|Scope of criminal liability|
|Severity of offense|
|Offence against the person|
|Crimes against property|
|Crimes against justice|
|Crimes against animals|
|Defences to liability|
|Other common-law areas|
Under the law of England and Wales and other common law jurisdictions, it originally consisted of the intentional and wanton removal of a body part that would handicap a person's ability to defend himself in combat. Under the strict common law definition, initially this required damage to an eye or a limb, while cutting off an ear or a nose was deemed not sufficiently disabling. Later the meaning of the crime expanded to encompass any mutilation, disfigurement, or crippling act done using any instrument.
History of definitions
|This article is outdated. (August 2011)|
In England and Wales, it has fallen into disuse. In 1992 the Law Commission recommended that it be abolished, and in 1998 the Home Office proposed to abolish it, in the course of codifying the law relating to offences against the person.
Fetter v. Beale
The most significant change in common-law mayhem doctrine came in 1697, when the King's Bench decided Fetter v. Beale, 91 Eng. Rep. 1122. There, the plaintiff recovered in a battery action against a defendant. Shortly thereafter, "part of his skull by reason of the said battery came out of his head," and the plaintiff brought a subsequent action under mayhem. Though Fetter is also known as an early example of res judicata, it is most significant for expanding the ambit of mayhem to include "loss of the skull."
The modern doctrine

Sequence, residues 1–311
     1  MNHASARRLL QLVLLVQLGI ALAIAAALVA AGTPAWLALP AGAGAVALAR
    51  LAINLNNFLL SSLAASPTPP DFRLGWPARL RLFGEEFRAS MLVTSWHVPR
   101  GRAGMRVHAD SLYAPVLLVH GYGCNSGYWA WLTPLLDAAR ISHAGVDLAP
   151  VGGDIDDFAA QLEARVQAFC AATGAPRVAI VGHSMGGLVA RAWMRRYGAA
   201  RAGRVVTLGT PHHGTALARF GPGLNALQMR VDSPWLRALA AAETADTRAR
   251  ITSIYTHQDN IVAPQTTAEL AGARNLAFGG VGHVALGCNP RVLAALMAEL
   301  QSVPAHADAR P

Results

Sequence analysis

In the United States
Modern statutes in the U.S. define mayhem as disabling, disfiguring, such as rendering useless a member of another person's arms or legs. Cal. Pen. Code Sec. 203 The injury must be permanent, not just a temporary loss. Some courts will hold even a minor battery as mayhem if the injury is not minor. Mayhem in the U.S. is a felony.
Both the noun "mayhem" and the verb "maim" come from Old French via Anglo-Norman. The word is first attested in various Romance languages in the 13th century, but its ultimate origin is unclear. For one theory about its origin see wiktionary:mayhem.
Mayhem can describe a person going on a rampage. Popular misunderstanding of the common journalese expression "rioting and mayhem" caused the common usual modern use of "mayhem" to mean "havoc and disorder", often with humorous overtones: see wiktionary:mayhem.
- Edward Coke, Institutes of the Laws of England, Part 3, Chapter 53 (p. 118) (1797 ed.)  (from Google Books).
- Edward Hyde East, Treatise of Pleas of the Crown, Volume 1, Chapter 7 (pp. 392 – 403) (1806 ed.)  (from Google Books).
- William Hawkins, Treatise of Pleas of the Crown, Book 1, Part 1, Chapter 15, Sections 1 - 12 (pp. 107 – 109) (1824 ed.)  (from Google Books).
- The Law Commission, Consultation Paper No.122, Offences Against the Person and General Principles, Appendix A, Draft Criminal Law Bill, clause 31(1)(a)(iii) at page 90 of the report 
- The Home Office. 1998. Violence: Reforming the Offences Against the Person Act 1861.  Draft Offences Against the Person Bill, clause 23
- Dix, George E. (2010). Gilbert Law Summaries on Criminal Law. Thomson/West. pp. 220–221. ISBN 978-0-314-19430-5.
- Oxford English Dictionary, Third edition, June 2000; online version June 2011